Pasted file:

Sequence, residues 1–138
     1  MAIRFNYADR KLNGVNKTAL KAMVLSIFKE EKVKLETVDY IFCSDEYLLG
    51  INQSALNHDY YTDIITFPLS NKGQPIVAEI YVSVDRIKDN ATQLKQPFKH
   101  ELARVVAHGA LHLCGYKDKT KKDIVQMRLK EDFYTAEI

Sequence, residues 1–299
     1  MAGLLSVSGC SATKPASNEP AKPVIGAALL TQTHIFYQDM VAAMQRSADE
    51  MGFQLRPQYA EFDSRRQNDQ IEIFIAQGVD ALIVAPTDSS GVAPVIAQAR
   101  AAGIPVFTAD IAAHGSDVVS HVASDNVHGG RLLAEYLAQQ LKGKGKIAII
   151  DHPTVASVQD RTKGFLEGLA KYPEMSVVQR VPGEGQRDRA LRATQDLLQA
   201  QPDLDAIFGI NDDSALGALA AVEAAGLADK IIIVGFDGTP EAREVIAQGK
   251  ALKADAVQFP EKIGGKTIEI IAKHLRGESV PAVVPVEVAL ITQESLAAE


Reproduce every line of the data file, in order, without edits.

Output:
Sequence, residues 1–138
     1  MAIRFNYADR KLNGVNKTAL KAMVLSIFKE EKVKLETVDY IFCSDEYLLG
    51  INQSALNHDY YTDIITFPLS NKGQPIVAEI YVSVDRIKDN ATQLKQPFKH
   101  ELARVVAHGA LHLCGYKDKT KKDIVQMRLK EDFYTAEI

Sequence, residues 1–299
     1  MAGLLSVSGC SATKPASNEP AKPVIGAALL TQTHIFYQDM VAAMQRSADE
    51  MGFQLRPQYA EFDSRRQNDQ IEIFIAQGVD ALIVAPTDSS GVAPVIAQAR
   101  AAGIPVFTAD IAAHGSDVVS HVASDNVHGG RLLAEYLAQQ LKGKGKIAII
   151  DHPTVASVQD RTKGFLEGLA KYPEMSVVQR VPGEGQRDRA LRATQDLLQA
   201  QPDLDAIFGI NDDSALGALA AVEAAGLADK IIIVGFDGTP EAREVIAQGK
   251  ALKADAVQFP EKIGGKTIEI IAKHLRGESV PAVVPVEVAL ITQESLAAE